I was eager to try to jacket on after 5.11 sent it to me. When it came finally in the mail, the weather was very warm; not a rain cloud around, so I didnt get a chance to try it. A week later, my wife told me it was going to rain hard on a Monday, and on Monday it rained hard! I like the ATMOS jacket. It’s a simple looking, functional, cold-weather jacket. It performs well in cold and the rain.
When it rained, I grabbed my gym gear, and headed to work out, while using the ATMOS jacket to protect me.
Let’s break it down some. The body is 100% nylon plain weave, 2L hardshell, 3.7-oz., DWR, with a lining of 100% nylon 210 taffeta, 1.9-oz. The insulation is 100% polyester Primaloft® black, 5.0-oz. 5K/10K waterproof/breathable. All of the materials work together, and you get a jacket that is very waterproof.
The best time to see if a jacket works well is when you wear it in a storm. The temperature stayed around 39 on the day it rained; light rain stopped and started throughout the day and into the night, with 9mph winds. At one point, the rain turned into a light sleet. My legs were cold because I wore shorts to the gym, but my upper body was very warm. At one point I actually thought it was a bit too warm for me. Thankfully they added underarm zippers for venting.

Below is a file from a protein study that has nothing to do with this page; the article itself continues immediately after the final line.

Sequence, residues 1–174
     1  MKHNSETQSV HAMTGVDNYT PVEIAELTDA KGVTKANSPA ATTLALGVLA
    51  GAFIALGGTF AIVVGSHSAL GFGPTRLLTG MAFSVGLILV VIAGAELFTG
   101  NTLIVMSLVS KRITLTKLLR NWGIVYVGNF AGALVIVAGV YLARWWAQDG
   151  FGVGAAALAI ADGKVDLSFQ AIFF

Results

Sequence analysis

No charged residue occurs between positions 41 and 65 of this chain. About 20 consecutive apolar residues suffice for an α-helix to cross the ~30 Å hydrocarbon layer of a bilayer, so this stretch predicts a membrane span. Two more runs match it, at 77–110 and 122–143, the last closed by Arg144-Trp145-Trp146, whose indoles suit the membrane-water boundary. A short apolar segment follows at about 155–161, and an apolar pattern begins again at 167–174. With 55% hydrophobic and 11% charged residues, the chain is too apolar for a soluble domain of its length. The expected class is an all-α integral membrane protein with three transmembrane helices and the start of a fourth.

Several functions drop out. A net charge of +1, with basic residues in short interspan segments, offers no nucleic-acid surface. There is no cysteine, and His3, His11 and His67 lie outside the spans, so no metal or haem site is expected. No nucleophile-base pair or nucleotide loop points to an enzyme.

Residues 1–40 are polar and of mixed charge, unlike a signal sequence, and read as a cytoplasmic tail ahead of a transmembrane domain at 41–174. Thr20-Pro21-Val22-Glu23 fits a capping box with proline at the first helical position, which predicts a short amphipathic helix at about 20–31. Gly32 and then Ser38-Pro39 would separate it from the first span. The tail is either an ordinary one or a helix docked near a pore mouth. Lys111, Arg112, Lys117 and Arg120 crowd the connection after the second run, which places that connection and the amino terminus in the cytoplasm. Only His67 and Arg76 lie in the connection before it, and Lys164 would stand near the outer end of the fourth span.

In the evening I walked 30 minutes with my wife. At this point in time the weather dropped a few more degrees, and it rained very hard. The rain fell off the fabric. Rain drops beaded on my jacket and fell off. I remained completely dry. It handles well against winds too.
The hood is stationary and cannot be removed from the jacket body. It comes with an internal shock cord system. Some jackets use a stiff wire inserted into a hood. Because I like a clear line of sight, I prefer hoods that I can shape into a specific form. I don’t like my vision being obscured. I dislike slipping in mud, and would hate to fall down a cliff. The 5.11 ATMOS hood instead uses a shock cord; the cord can be used to cinch the hood tightly or the hood can be adjusted open. The ATMOS’ hood didn’t flop down over my eyes, however I always look for a jacket with a hood with wire.